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I am doing some research into logic, I have gotten far into Propositional Calculus and its generalizations, my issue comes when I go into Predicate Calculus.

I am trying to look into it in a more generalized sense and not the specific one we are using most commonly. So for quantifiers I consider things beyond $\forall$ (and by extension $\exists$)

I understand we can subdivide the "alphabet" of GFOL (Generalized First Order Logic) accordingly

Variables $V_i$, Function $F_i^k$, Predicates $P_i^k$, Operators/Connectors, $O_i^k$ and Quantifiers, this is where I get uncertain, does it have an arity? Imma assume here no but please correct me! $Q_j$.

I know that terms are inductively defiend as this

  • $V_i$ are Terms
  • If $T_i$ is a term, then $F_i^k(T_1,\ldots,T_k)$ is a term.

and for WFF they are also defined inductively. Let $T_i$ be terms as before and $W_i$ be a WFF.

  • $P^k_i(T_1,\ldots,T_k)$ is a WFF.
  • $O_i^k(W_1,\ldots,W_k)$ is a WFF
  • $Q_i V_j W_k$ is a formula

I feel secure with the Term one, but WFF one I do not as I am not certain how to generalize quantifiers, if they are all unary it would be done but are they always unary in FOL?

I next consider substitution for these things, that is $A[B/x]$. I understand the general idea of it but looking at This it only speaks about existential quantifier, but how would I generalize it to a general quantifier $Q_i$? Are there any good sources for this?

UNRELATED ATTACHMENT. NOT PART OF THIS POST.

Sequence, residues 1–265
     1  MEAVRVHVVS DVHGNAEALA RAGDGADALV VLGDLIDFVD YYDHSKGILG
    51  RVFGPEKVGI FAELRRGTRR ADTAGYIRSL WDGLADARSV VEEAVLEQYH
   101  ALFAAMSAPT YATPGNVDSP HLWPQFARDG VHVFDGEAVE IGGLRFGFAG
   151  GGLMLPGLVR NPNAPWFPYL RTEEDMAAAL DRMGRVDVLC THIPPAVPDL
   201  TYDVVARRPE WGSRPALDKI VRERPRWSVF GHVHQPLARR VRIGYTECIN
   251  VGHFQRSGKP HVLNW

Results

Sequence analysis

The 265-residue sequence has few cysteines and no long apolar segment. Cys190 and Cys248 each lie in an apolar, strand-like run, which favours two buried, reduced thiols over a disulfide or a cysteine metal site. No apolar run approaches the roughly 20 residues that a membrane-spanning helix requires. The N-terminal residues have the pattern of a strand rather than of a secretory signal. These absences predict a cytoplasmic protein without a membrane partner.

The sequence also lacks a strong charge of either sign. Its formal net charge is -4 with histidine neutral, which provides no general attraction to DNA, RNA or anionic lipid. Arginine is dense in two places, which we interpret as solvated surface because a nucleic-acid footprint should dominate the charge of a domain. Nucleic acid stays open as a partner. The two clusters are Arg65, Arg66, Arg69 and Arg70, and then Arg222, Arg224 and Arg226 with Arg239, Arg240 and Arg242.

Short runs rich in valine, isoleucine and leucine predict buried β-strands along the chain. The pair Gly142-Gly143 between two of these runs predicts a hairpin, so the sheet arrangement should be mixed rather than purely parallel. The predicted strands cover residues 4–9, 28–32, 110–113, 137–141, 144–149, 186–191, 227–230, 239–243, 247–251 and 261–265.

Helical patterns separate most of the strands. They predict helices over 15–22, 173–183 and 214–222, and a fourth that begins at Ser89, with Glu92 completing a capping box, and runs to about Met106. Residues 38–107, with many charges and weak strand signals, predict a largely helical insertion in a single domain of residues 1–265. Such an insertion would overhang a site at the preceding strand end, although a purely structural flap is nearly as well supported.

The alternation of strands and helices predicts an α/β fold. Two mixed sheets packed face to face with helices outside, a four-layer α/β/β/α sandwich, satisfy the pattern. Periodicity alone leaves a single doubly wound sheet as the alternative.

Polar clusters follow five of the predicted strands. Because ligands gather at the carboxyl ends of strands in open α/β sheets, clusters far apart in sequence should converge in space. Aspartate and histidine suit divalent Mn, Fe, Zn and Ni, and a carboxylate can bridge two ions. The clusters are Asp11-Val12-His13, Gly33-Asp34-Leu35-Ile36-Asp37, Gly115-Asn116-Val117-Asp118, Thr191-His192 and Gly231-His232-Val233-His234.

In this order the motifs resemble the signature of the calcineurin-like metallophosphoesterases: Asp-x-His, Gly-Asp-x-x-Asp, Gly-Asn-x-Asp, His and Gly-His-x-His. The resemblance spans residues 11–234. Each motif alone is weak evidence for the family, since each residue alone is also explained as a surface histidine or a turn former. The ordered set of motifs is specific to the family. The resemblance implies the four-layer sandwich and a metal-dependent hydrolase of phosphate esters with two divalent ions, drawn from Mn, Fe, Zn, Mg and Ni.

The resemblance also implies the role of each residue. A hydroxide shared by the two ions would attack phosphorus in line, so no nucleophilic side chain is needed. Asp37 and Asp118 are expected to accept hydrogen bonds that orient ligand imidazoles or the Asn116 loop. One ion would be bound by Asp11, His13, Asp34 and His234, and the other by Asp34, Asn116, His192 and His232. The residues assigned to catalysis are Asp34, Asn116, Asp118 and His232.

Thank you in advance.

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    $\begingroup$ I've never seen a treatment in which terms are considered atomic formulae. The point of formulae is that they are the sorts of things which might be evaluated to have truth values. Quantifiers are always unary in FOL, and nothing about substitution cares whether the quantifier is universal or existential, only whether the variable is bound or free. $\endgroup$ – Malice Vidrine Nov 17 '17 at 20:30
  • $\begingroup$ Thank you, I made a mistake there, it was meant to be a predicate on it and operator on the second. But the question is does it care wether quantifiers are beyond those 2? $\endgroup$ – Zelos Malum Nov 18 '17 at 0:28
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    $\begingroup$ I think the "Generalized Quantifier" entry from SEP might interest you. $\endgroup$ – Poypoyan Nov 18 '17 at 2:18
  • $\begingroup$ @Poypoyan and do i did! $\endgroup$ – Zelos Malum Nov 19 '17 at 1:08

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